Exercise for (almost) all senses
If you ask the participants of an exercise what is most important to them for a successful exercise, the answer is very often: "It should be as realistic as possible". But what does realistic actually mean here and how can we achieve this goal? This can be illustrated by means of a fire-fighting exercise.
Here it is not enough to tell the attack squad: "Imagine that there is a fire in this room". Because the idea of fire is different for each participant, based on their own experiences. So the assumption of the situation (size, type, position of the fire in the room) automatically differs for the participant from that of the trainer. As a result, the approach of the squad can greatly differ from the "desired" approach of the trainer.
Therefore the exercise position should be clearly visible for all participants. This of course requires some preparation. It is also important that all senses of the participants are addressed.
To stay with the example of fire fighting in an indoor situation it is not necessary to light a real fire in a room, but exactly this impression should be achieved by stimulating the corresponding senses. The more senses are addressed, the greater the acceptance that the situation is real.
The optical impression of the fire can be represented very realistically with some preparation and practice by a fog machine and yellow-orange light. A mistake, which often occurs here, is the complete smoke (fogging) of a dark room. It is much better to produce the smoke point-wise with a vertical flow direction and to illuminate it with the coloured lighting.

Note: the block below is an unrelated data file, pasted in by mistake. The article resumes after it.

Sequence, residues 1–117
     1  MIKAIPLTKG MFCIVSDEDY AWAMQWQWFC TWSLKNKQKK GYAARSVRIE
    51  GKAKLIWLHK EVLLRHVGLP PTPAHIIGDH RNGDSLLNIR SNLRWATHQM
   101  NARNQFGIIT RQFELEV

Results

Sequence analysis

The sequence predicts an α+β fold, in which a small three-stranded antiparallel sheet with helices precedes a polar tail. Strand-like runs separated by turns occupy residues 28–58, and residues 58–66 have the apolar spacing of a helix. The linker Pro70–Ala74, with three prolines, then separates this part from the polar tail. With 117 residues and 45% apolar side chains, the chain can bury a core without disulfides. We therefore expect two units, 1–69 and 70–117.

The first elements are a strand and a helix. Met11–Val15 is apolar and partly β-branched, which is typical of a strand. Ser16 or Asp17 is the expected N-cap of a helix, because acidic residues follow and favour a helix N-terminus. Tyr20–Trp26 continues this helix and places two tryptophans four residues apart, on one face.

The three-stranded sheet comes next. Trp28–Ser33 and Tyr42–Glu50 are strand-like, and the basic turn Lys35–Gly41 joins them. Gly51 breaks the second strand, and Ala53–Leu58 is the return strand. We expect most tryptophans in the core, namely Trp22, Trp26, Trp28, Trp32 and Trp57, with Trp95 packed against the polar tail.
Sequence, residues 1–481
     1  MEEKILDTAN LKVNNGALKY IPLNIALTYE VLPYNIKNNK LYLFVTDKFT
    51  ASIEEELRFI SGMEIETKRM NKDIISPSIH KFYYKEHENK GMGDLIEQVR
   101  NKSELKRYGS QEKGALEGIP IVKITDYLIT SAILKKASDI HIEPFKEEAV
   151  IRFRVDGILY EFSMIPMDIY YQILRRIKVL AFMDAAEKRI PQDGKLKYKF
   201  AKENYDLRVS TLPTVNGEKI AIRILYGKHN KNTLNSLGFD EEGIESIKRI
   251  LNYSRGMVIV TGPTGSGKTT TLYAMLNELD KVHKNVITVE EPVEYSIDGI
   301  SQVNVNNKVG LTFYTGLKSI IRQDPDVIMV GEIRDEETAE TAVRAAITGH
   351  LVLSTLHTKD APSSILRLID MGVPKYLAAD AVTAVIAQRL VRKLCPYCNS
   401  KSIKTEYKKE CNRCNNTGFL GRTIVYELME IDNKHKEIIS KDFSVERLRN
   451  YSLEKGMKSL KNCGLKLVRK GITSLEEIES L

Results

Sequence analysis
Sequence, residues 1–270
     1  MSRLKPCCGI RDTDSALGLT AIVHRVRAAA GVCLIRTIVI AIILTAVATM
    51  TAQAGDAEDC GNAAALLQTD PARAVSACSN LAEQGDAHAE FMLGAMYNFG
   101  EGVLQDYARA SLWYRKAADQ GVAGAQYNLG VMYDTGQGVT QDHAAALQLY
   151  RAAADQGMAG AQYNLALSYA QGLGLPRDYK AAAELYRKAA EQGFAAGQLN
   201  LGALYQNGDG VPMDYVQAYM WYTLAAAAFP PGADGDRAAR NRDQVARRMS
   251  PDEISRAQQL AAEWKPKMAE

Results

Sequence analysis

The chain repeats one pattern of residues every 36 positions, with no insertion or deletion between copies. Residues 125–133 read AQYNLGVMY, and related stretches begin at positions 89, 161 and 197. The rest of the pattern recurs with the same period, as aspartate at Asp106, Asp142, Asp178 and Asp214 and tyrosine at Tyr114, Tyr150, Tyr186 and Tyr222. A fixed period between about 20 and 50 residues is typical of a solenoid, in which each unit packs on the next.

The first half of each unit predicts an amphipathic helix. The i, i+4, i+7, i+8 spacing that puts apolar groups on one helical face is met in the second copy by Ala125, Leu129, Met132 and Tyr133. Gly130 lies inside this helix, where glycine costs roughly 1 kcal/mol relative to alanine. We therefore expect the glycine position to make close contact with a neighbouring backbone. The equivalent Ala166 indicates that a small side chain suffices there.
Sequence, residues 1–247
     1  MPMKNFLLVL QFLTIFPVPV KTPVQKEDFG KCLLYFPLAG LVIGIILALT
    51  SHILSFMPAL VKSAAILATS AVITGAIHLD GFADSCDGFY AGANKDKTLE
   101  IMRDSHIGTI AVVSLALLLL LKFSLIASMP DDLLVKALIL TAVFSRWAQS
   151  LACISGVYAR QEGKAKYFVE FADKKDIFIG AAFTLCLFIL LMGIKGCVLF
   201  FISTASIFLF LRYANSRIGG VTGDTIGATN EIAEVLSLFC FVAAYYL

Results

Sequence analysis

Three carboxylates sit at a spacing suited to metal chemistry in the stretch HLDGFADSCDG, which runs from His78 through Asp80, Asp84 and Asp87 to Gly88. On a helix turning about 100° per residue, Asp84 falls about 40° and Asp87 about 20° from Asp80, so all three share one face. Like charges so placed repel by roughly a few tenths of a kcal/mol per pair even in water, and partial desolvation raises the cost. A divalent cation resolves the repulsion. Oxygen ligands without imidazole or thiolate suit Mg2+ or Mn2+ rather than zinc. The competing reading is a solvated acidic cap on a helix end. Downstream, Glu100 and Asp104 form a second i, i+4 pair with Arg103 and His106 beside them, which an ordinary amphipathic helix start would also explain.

We often underestimate the use or lack of the right tones. The described fire loses credibility if only the hissing of the fog machine can be heard. Therefore the exercise designer should also give the fire the right sound. This can be achieved by using appropriate sound files and a PA System.
The smell also plays a role in the perception during the exercise. For example, a fire can also be simulated by using an appropriate spray for the nose.
Of course not all senses can be stimulated during an exercise. The "feeling" of the fire - in other words the heat - is difficult to simulate. By paying attention to the other points, however, the exercise designer already achieves a significantly increased acceptance of the participants to immerse themselves in the situation. The actors behave more like in a real mission and the motivation is significantly higher.
You can find the appropriate articles for fire simulation here.